“The primary rule of construction of a statute is to ascertain the intent of the legislature and to carry out such intention to the fullest extent.” Dickson v. Rucho, 366 N.C. 332, 339, 737 S.E.2d 362, 368 (2013) (citation and quotation marks omitted). A forensic unit is not a separate facility from the 24–hour facility-it is simply a particular part of that facility. If the legislature intended to specify a particular unit for those NGRI acquittees committed under the old N.C. Gen.Stat. § 15A–1321, the new N.C. Gen.Stat. § 15A–1321(a), or N.C. Gen.Stat. § 122C–168.1 they could have done so, as they did in § 15A–1321(b). Instead, the only acquittees for whom the legislature specified a particular unit were those committed under § 15A–1321(b). It makes sense that the legislature would determine that those insanity acquittees charged with a crime wherein “inflict[ing] or attempt[ing] to inflict serious physical injury or death” is alleged must be committed to the most secure unit, while leaving such determinations to the informed discretion of the treating professionals for other NGRI acquittees, subject of course to any other statutory and regulatory requirements.
The statutes under which respondent was committed require him to be committed to a 24–hour facility. He was committed to just such a facility. Nothing in the plain language of N.C. Gen.Stat. § 122C–168.1 forbids the commitment of NGRI acquittees charged with a crime wherein “inflict[ing] or attempt[ing] to inflict serious physical injury or death” is not alleged to a forensic unit. N.C. Gen.Stat. § 15A–1321(b) does not change this conclusion. Respondent has not pointed us to anything else that would forbid his commitment to the forensic unit or require his commitment to another unit. Therefore, even assuming he is correct that he would not qualify for commitment under N.C. Gen.Stat. § 15A–1321(b), the trial court did not err in committing respondent to the forensic unit of Central Regional.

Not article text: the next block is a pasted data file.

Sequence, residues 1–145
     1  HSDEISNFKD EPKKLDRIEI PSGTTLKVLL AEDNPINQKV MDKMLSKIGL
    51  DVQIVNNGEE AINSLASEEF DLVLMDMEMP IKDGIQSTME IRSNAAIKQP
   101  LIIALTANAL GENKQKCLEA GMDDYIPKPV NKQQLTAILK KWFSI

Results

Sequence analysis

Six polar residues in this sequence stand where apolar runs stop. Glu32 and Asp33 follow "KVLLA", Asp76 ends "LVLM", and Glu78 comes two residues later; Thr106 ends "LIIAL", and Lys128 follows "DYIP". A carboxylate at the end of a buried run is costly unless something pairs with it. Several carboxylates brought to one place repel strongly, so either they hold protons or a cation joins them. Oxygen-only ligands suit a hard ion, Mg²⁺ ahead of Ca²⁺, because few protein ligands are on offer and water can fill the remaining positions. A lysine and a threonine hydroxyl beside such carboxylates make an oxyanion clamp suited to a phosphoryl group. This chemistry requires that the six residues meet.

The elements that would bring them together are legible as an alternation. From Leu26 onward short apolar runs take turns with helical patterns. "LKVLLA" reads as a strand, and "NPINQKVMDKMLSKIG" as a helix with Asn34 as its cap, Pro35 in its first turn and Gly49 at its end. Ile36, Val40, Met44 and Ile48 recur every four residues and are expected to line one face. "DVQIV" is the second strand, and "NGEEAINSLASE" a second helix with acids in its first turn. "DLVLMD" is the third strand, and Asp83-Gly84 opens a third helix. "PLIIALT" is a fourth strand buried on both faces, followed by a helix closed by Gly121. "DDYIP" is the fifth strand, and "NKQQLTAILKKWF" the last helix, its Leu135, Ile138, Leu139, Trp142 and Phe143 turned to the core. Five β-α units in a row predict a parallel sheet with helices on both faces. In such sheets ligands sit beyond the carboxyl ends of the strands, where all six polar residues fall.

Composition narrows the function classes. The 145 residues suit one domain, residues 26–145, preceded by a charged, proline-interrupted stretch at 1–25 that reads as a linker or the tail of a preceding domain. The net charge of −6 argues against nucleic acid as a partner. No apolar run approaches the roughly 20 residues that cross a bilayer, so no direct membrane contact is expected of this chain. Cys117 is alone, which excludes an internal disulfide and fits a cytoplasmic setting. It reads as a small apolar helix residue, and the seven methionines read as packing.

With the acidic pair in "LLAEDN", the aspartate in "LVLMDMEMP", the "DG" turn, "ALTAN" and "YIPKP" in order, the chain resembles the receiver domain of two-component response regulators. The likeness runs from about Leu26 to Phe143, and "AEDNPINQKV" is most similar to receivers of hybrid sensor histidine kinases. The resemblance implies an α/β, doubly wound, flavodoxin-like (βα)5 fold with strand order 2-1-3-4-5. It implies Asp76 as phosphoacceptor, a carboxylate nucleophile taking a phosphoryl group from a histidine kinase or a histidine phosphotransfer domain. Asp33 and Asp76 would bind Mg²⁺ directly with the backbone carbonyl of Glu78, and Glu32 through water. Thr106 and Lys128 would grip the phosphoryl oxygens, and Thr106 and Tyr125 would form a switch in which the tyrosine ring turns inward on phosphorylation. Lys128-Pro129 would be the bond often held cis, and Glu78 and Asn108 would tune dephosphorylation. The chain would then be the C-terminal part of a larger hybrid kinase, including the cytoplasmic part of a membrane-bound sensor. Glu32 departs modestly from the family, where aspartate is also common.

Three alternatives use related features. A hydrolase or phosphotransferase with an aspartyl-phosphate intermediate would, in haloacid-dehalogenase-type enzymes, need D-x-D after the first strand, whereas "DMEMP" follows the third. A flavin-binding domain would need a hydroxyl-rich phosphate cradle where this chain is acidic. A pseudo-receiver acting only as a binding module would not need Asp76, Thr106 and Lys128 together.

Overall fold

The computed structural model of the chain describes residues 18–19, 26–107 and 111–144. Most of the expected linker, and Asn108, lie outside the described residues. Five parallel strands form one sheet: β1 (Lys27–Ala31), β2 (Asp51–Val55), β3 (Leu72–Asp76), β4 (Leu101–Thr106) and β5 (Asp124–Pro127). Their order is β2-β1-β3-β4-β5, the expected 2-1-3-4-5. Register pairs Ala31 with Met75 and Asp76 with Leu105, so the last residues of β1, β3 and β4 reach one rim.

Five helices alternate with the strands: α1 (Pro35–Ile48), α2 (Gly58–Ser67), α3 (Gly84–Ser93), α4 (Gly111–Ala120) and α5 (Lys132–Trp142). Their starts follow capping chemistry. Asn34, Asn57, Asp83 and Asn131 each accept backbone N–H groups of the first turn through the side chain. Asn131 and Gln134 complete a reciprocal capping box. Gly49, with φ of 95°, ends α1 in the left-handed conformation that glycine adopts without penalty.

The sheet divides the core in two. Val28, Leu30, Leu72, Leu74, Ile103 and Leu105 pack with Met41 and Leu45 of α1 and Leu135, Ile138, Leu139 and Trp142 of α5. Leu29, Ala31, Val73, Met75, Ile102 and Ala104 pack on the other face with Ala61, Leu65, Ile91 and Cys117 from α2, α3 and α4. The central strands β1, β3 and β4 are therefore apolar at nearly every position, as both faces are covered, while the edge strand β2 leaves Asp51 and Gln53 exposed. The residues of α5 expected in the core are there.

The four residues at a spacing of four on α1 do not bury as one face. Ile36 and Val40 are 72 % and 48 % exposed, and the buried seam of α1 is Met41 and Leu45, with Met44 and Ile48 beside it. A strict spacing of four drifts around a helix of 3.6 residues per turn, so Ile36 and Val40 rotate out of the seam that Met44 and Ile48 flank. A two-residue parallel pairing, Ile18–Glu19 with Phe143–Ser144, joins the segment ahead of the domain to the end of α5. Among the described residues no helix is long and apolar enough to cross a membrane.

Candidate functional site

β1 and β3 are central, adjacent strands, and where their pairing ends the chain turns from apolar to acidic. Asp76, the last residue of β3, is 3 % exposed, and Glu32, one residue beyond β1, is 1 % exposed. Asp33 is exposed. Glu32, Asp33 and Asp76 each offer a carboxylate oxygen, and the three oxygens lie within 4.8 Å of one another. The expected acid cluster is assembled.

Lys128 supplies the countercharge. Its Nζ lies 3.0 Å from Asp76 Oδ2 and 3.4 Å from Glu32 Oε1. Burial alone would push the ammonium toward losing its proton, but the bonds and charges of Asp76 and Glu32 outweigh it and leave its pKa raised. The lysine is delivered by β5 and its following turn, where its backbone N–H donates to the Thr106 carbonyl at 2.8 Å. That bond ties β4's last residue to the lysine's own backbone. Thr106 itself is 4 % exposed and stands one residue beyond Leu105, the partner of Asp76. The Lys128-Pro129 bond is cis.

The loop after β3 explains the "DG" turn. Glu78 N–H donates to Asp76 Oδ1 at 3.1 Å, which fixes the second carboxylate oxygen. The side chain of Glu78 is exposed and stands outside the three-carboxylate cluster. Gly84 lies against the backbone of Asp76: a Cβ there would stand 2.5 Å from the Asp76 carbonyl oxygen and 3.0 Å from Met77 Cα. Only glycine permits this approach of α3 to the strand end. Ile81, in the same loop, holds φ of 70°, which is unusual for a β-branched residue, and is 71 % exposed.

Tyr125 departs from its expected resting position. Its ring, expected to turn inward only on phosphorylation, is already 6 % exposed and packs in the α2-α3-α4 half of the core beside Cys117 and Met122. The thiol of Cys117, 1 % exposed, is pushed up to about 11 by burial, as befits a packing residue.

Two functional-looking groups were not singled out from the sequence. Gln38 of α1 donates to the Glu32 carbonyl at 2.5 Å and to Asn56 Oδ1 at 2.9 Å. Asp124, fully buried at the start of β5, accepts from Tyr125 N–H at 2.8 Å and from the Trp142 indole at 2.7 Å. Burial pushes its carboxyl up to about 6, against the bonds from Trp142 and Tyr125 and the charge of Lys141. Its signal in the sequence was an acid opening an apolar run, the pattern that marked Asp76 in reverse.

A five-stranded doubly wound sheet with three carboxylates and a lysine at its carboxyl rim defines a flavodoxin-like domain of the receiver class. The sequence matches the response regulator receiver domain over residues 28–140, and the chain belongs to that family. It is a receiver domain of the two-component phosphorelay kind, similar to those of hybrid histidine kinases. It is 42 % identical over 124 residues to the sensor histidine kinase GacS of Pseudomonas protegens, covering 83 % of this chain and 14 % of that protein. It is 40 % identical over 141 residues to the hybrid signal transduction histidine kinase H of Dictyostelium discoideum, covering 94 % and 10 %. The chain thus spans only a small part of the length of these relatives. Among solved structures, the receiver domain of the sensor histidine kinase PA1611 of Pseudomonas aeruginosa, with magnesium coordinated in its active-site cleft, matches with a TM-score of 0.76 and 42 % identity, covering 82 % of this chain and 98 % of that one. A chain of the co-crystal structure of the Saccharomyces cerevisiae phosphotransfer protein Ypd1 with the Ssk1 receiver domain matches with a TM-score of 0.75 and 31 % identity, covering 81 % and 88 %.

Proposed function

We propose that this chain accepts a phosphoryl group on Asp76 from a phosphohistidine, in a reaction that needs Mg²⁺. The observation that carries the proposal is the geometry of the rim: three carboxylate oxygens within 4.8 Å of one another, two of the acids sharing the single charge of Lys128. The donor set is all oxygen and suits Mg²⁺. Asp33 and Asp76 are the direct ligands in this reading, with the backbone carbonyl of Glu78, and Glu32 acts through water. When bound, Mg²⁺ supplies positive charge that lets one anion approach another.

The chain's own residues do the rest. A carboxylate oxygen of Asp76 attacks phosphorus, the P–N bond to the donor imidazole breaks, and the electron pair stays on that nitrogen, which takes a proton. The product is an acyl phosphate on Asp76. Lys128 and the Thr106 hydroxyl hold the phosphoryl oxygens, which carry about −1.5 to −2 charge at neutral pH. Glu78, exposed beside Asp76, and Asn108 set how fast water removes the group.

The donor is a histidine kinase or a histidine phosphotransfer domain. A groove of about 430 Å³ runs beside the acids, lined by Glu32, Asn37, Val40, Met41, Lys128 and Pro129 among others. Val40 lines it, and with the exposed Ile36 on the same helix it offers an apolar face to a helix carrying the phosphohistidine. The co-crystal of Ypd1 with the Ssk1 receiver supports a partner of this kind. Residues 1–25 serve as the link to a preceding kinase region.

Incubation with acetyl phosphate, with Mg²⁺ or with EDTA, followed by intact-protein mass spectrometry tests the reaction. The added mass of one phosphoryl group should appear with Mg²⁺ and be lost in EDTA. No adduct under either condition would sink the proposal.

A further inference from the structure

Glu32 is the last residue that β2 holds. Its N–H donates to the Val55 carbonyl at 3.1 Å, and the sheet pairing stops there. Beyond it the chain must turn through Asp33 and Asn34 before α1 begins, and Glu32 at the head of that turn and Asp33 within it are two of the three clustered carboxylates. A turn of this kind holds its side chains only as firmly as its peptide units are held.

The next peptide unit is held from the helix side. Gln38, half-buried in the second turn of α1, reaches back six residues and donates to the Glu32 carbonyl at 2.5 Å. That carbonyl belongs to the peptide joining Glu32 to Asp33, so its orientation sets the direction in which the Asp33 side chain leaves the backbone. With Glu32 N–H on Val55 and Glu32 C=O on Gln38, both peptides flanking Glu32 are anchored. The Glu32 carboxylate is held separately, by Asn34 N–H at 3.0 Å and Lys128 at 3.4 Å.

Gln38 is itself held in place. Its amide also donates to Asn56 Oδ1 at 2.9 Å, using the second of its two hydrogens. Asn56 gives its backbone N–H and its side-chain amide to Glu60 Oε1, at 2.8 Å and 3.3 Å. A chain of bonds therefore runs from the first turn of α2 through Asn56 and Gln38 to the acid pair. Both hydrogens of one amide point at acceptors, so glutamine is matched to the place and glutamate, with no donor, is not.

The trial court failed to make sufficient findings to support its conclusion. Nonetheless, there is sufficient evidence in the record to support such findings, so we remand for entry of a revised order with appropriate findings of fact and conclusions of law consistent with those findings. We also hold that the trial court was not required to make a finding of whether conditionally releasing respondent was appropriate because it was presented with no meaningful evidence that his conditional release was medically appropriate. Further, recommitment to the forensic unit at Central Regional did not violate N.C. Gen.Stat. § 15A–1321. For these reasons, we reverse and remand for entry of a revised order.
REVERSED and REMANDED.
1. The parties stipulated that the testimony of respondent's brother-in-law would corroborate that of his sister.
2. Respondent requests that we invoke Rule 2, as we did in Hayes II, and waive his failure to preserve this issue. Given that there was no witness who testified about whether conditional release was appropriate and the only medical testimony supported recommitment, we are not convinced that applying Rule 10 in this case would work “manifest injustice” to respondent. See Dogwood Dev. & Mgmt. Co., LLC v. White Oak Transp. Co., 362 N.C. 191, 196, 657 S.E.2d 361, 364 (2008) (reaffirming that Rule 2 is only to be invoked “cautiously” and in “exceptional circumstances.”).
3. See generally 10A N.C. Admin. Code 28A.0102(b)(16)(2012) ( “ ‘Forensic Division’ means the unit at [a psychiatric] [h] ospital which serves clients who are ․ (B) found not guilty by reason of insanity [or] ․ (D) deemed to require a more secure environment to protect the health, safety and welfare of clients, staff and the general public.”); 10A N.C. Admin. Code 28C.0308 (2012) (allowing for routine searches of the forensic unit); 10A N.C. Admin. Code 28D.0403 (allowing a court order to supersede the normal rules for determining when a “forensic patient” can refuse psychotropic medication and not face forcible administration of the drug).
4. We do note that the original commitment order purported to commit respondeent under § 15A–1321(b), which as outlined above, does not apply to respondent. Nevertheless, respondent did not appeal from that order and it is not before us.
5. The current version of this statute also does not define that term.
6. N.C. Gen.Stat. § 122C–181(a)(1)(a1)(2011) (authorizing the Secretary of DHHS to operate Central Regional Hospital); N.C. Gen.Stat. § 122C–252 (2011) (authorizing the Secretary of DHHS to designate 24–hour facilities); 10A N.C. Admin. Code 26C.0104(d)(2012) (noting that the list of designated facilities is available on the DHHS website); N.C. Dep't of Health and Human Serv., North Carolina Facilities Designated for the Custody and Treatment of Individuals Under Petitions for Involuntary Commitment, available at http://www. ncdhhs.gov/mhddsas/services/IVC/ivcdesignatedfacilities.xls (designating Central Regional as a 24–hour facility).
Judges CALABRIA and DAVIS concur.